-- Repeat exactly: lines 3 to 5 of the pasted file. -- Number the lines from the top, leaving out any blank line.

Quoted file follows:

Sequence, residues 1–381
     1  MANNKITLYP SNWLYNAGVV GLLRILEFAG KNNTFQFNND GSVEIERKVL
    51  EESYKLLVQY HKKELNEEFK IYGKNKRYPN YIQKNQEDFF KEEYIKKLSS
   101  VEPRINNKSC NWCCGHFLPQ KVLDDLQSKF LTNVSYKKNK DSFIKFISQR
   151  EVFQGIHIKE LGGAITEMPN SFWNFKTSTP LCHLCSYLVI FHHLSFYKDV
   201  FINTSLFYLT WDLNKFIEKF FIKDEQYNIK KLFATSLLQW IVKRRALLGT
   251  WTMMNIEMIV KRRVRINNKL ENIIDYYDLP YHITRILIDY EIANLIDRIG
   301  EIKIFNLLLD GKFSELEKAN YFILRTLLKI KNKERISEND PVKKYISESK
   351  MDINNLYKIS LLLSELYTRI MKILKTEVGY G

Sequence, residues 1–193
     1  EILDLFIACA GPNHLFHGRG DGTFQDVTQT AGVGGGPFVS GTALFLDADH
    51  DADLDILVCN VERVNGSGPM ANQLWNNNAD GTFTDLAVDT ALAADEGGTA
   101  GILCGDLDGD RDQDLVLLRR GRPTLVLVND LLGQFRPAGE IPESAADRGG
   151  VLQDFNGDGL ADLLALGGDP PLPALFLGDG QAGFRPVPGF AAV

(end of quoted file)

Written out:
    51  EESYKLLVQY HKKELNEEFK IYGKNKRYPN YIQKNQEDFF KEEYIKKLSS
   101  VEPRINNKSC NWCCGHFLPQ KVLDDLQSKF LTNVSYKKNK DSFIKFISQR
   151  EVFQGIHIKE LGGAITEMPN SFWNFKTSTP LCHLCSYLVI FHHLSFYKDV